There’s no denying, however, you can visit Serbia on under $300, as there are plenty of hostels for as cheap as $12 a night, and a market ćevapi, a grilled minced meat dish that’s every Serbian’s go-to street snack, can cost less than five bucks.

Americans Can Fly To Serbia Nonstop Even Though It’s An Off-Path Destination

Demand for European getaways is at an all-time high now that we’ve finally made it to summer, with new nonstop routes being launched every month, whether it’s to the French Riviera or the city of Naples, in Italy.

Woman looking at a sign in an airport

Serbia is no exception, as the national carrier Air Serbia its touting a Miami launch for later this year, reasserting their status as the only Balkan country (excluding Greece) that hosts year-round Transatlantic flights.

Not Croatia, not Montenegro, not increasingly trendy Albania: Serbia.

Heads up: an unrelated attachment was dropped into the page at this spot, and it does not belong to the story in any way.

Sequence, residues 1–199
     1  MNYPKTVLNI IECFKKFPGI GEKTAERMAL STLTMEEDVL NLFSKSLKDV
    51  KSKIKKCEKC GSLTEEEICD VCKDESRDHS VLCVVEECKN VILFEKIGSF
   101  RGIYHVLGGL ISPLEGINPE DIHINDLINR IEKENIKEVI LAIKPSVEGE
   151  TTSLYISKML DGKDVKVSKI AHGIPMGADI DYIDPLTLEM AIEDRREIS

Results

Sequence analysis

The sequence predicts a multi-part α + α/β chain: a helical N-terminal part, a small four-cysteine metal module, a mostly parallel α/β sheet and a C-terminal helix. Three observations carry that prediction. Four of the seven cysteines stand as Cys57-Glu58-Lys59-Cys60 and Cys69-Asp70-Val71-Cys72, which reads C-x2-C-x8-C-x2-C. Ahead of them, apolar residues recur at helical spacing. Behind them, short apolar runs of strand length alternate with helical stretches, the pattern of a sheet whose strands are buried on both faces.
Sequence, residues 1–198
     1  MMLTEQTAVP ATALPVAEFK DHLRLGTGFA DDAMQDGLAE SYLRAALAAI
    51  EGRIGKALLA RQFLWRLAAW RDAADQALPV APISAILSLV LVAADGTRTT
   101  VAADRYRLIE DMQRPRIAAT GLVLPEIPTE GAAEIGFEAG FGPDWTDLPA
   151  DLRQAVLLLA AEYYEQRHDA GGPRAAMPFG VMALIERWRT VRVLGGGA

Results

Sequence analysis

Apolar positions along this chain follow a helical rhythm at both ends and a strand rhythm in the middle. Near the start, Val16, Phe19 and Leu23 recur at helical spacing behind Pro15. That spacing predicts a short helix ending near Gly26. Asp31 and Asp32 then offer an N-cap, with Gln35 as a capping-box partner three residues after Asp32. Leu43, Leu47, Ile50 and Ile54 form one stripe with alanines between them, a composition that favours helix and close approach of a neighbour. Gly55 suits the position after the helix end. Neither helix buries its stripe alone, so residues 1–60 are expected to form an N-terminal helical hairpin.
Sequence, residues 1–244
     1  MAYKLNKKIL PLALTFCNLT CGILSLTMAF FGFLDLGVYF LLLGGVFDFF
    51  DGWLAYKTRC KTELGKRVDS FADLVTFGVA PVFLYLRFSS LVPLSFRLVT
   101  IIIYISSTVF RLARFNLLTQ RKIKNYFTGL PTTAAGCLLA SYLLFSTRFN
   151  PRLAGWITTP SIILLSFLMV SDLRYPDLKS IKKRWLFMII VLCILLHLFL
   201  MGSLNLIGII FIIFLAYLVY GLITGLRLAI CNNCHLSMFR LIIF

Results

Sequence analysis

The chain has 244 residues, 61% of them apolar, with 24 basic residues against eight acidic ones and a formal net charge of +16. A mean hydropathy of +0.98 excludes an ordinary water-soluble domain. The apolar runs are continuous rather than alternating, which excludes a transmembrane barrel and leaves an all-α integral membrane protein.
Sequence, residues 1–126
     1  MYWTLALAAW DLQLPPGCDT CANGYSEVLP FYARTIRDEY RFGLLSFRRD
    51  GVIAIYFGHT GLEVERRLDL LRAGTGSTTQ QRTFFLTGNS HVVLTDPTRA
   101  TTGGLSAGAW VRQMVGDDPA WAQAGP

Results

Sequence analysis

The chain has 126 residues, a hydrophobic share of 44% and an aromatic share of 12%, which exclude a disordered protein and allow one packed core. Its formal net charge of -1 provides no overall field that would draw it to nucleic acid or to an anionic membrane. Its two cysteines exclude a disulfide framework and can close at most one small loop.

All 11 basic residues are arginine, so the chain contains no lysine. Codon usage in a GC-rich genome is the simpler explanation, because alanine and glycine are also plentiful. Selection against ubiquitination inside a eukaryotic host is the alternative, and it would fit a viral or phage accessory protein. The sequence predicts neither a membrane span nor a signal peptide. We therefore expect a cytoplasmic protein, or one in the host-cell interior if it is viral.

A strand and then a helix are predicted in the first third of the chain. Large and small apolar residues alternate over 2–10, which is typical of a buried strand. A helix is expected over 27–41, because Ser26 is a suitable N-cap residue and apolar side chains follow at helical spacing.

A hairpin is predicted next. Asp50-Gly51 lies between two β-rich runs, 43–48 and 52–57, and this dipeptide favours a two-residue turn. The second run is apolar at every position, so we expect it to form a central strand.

Americans can fly to Serbia from New York (JFK), from $565 one-way, and from Chicago (ORD), from $524.

Departing from New York-JFK, takeoff is scheduled daily at 7:20 p.m. with Belgrade arrival set for 10:20 a.m. the following day, at a total journey length of 8h50.

Traveler Holding United States Passport At Airport, Unspecified Location

On the way back, Americans will depart Belgrade at 1:15 p.m. and land back at JFK at 5:15 on the same date.

From Chicago, outbound flights are available every Monday, Wednesday and Saturdays, operating with the timetables below:

  • Mondays: Departure from ORD (6:40 p.m. local time) – Arrival to BEG (11:20 a.m. local time)
  • Wednesdays: Departure from ORD (12:40 p.m. local time) – Arrival to BEG (05:30 a.m. local time)
  • Saturdays: Departure from ORD (11:10 p.m. local time) – Arrival to ORD (3:50 p.m. local time)

Return flights from Belgrade (BEG) to Chicago (ORD) are as follows:

  • Mondays: Departure from BEG (1:20 p.m. local time) – Arrival to ORD (4:50 p.m. local time)
  • Wednesdays: Departure from BEG (07:35 a.m. local time) – Arrival to ORD (11:05 a.m. local time)
  • Saturdays: Departure from BEG (5:50 p.m. local time) – Arrival to ORD (9:20 p.m. local time)

According to the Serbian Ambassador to the United States, the company is considering introducing nonstop service from Miami to Belgrade on top of already-existing flights departing from New York and Chicago, though that is yet to be confirmed.

You can book your tickets to fly nonstop to Serbia this summer here.